Philadelphia Daily News' Scores

  • TV
For 713 reviews, this publication has graded:
  • 48% higher than the average critic
  • 3% same as the average critic
  • 49% lower than the average critic
On average, this publication grades 2.3 points lower than other critics. (0-100 point scale)
Average TV Show review score: 62
Highest review score: 100 Breaking Bad: Season 5
Lowest review score: 0 Big Shots: Season 1
Score distribution:
  1. Mixed: 0 out of 392
  2. Negative: 0 out of 392
392 tv reviews
  1. It's the too-bad-not-to-be-true stories Simon's telling about what the people of New Orleans were dealing with long after the waters receded that's kept my blood on simmer for the eight episodes I've seen so far.
  2. It's five nights of stimulating and ultimately disturbing television, and I'd like nothing better than to have more people to talk with about it.
  3. The Defenders, based on a documentary about a pair of hotshot Las Vegas lawyers, is easily the best thing to happen to Jim Belushi since "According to Jim" was canceled and people like me had to stop using him as a punchline....[And] They're not the only fun characters.
  4. I watched all of Season 1 and have seen eight episodes of Season 2, and beyond noticing that she's good at her job and not so good at her life, I still haven't figured out Jackie Peyton. Which is the way I like it.
  5. Years of Living Dangerously, produced by James Cameron, Jerry Weintraub and Arnold Schwarzenegger, does a good job in its premiere of widening the discussion of global warming.
  6. A drama on the order of "The Sopranos" or "The Shield," it's not about things--and people--getting better so much as it is about the struggle for survival. And like "Weeds," it's a show that might, if anything, have a little too much to say about the times in which we live.
  7. Enlisted is both very funny and very sweet.
  8. Between "Twilight," HBO's "True Blood" and the WB's upcoming "Vampire Diaries," I'd begun to feel overwhelmed by the undead. Then along came BBC America's Being Human to change my mind.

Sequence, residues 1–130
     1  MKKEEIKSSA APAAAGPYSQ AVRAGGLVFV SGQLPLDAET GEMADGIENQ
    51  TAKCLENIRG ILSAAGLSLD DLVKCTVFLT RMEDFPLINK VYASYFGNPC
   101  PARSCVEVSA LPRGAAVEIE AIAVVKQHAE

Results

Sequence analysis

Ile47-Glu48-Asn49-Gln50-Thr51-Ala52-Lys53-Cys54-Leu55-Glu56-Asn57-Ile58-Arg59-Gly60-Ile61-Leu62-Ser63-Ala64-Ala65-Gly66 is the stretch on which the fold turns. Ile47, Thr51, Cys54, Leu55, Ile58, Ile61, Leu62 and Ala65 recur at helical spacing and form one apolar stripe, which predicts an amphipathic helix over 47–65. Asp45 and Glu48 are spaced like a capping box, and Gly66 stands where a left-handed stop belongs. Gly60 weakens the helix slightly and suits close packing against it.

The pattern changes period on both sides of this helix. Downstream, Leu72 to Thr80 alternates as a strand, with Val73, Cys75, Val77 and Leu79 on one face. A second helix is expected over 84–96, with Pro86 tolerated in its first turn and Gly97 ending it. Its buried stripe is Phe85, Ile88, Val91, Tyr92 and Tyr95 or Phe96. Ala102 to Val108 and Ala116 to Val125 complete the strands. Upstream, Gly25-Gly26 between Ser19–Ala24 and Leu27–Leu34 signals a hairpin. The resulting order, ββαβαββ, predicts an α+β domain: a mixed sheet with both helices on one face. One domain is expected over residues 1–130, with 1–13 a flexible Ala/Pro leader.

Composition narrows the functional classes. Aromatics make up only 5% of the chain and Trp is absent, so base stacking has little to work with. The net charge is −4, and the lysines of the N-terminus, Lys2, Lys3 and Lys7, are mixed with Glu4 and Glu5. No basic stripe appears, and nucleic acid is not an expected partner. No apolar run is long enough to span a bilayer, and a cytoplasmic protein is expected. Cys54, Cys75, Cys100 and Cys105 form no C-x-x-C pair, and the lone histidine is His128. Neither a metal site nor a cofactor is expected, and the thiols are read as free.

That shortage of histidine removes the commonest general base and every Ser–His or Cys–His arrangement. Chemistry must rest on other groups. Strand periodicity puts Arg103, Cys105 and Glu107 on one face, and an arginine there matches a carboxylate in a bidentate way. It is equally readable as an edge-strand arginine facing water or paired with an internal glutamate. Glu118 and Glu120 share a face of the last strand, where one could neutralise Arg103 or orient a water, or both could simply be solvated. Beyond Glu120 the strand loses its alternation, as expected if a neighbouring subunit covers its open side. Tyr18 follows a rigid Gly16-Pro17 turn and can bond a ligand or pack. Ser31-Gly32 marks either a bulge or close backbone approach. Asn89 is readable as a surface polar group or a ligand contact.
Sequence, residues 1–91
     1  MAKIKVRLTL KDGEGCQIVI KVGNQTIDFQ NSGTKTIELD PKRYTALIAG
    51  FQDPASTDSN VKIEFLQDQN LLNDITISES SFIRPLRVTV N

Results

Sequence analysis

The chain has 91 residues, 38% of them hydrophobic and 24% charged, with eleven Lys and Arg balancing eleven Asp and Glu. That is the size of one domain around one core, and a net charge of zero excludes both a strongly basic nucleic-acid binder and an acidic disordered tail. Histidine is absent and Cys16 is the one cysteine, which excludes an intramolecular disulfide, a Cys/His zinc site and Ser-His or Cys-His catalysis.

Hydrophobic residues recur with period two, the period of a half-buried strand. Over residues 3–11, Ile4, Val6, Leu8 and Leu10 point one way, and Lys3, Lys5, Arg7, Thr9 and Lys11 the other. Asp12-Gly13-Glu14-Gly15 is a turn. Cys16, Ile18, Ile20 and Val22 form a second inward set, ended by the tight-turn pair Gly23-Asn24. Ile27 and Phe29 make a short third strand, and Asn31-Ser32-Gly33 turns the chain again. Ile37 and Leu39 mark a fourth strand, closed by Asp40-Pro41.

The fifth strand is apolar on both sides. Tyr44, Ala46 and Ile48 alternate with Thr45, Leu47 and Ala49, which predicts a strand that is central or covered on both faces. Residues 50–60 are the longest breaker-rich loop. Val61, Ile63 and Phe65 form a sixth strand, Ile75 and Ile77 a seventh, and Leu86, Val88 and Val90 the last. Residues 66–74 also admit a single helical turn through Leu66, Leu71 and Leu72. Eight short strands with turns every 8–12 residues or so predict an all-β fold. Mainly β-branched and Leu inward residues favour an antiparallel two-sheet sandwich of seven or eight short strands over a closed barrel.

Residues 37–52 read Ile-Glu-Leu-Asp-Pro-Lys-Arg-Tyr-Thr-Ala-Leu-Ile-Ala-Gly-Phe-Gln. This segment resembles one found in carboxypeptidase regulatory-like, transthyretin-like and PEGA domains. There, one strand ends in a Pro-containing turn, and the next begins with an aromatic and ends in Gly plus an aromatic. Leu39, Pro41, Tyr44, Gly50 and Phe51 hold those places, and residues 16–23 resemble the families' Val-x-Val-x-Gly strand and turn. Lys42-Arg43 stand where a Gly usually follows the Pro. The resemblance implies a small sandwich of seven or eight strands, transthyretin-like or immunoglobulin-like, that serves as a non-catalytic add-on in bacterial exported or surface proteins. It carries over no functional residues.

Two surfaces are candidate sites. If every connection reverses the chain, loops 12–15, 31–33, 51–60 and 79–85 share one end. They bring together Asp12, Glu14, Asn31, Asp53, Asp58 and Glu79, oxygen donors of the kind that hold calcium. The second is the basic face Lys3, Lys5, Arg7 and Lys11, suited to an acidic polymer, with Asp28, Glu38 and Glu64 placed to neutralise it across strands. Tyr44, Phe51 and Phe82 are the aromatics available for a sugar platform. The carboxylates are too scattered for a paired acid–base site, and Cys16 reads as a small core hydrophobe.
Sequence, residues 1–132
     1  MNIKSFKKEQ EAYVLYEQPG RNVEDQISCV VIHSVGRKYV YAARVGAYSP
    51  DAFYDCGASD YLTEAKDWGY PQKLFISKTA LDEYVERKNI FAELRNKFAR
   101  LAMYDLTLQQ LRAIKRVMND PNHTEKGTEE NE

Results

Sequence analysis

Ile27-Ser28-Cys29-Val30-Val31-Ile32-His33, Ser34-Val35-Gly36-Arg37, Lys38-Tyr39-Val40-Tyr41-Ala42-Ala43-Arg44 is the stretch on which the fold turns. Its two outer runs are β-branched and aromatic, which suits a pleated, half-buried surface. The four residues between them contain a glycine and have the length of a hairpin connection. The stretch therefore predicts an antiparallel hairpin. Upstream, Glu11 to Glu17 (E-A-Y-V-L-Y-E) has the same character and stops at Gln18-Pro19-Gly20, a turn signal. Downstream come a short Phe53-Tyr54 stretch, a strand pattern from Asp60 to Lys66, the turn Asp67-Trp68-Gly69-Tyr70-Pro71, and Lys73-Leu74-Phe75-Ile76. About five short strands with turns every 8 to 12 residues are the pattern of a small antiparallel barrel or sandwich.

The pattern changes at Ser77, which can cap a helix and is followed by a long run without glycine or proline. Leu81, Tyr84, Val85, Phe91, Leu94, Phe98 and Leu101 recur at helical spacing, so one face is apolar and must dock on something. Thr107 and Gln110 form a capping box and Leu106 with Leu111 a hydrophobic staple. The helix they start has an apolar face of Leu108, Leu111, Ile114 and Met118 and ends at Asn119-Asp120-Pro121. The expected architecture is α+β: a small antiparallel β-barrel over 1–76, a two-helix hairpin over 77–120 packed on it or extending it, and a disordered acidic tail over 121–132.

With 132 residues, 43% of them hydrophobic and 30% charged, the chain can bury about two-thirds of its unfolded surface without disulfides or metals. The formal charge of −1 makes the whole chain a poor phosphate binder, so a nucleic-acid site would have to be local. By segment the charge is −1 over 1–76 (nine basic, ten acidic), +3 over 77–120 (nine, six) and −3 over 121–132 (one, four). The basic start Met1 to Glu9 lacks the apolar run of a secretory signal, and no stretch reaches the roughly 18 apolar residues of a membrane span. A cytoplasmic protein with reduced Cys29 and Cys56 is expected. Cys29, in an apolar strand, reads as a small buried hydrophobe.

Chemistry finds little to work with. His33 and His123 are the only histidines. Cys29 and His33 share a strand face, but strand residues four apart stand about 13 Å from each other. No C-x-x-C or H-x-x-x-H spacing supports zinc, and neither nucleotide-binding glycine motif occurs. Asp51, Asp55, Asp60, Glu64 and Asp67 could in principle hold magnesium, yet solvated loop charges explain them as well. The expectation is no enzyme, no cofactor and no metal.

9. If you can make the time in a season where most programmers think we're all too busy shopping to be watching anything heavier than "Miracle on 34th Street" (the Natalie Wood version, of course), then "Sleeper Cell" delivers.
  10. More than ever, though, it might be for those who loved "Lost" for the questions it asked, not those it answered.
  11. Billions isn't a subtle show. Its dialogue can be too on-the-nose, its insistence on contrasting the private lives of its warring alpha dogs too obvious.... What it is, is fun. Axelrod's a dashing hero, who may not be as heroic as he looks; Rhoades is a neurotic bulldog whose pursuit of Axe Capital may actually be in the public interest. Siff and Akerman's characters are as tough as, if not tougher than, the men in their lives.
  12. While the situations are far-fetched, the emotions are real. And Rodriguez, as a young control freak coming to terms with a situation she can't easily control, or dismiss, is terrific.
  13. Given the characters who also turn up looking to sell comics and memorabilia, Smith's original idea--"Pawn Stars" with comics--might have been enough to win him a slot just about anywhere on cable. The podcast just makes it funnier.
  14. Showing people having sex while wired up to machines may have gotten viewers in the door, but it's the characters and the performances that should keep them there.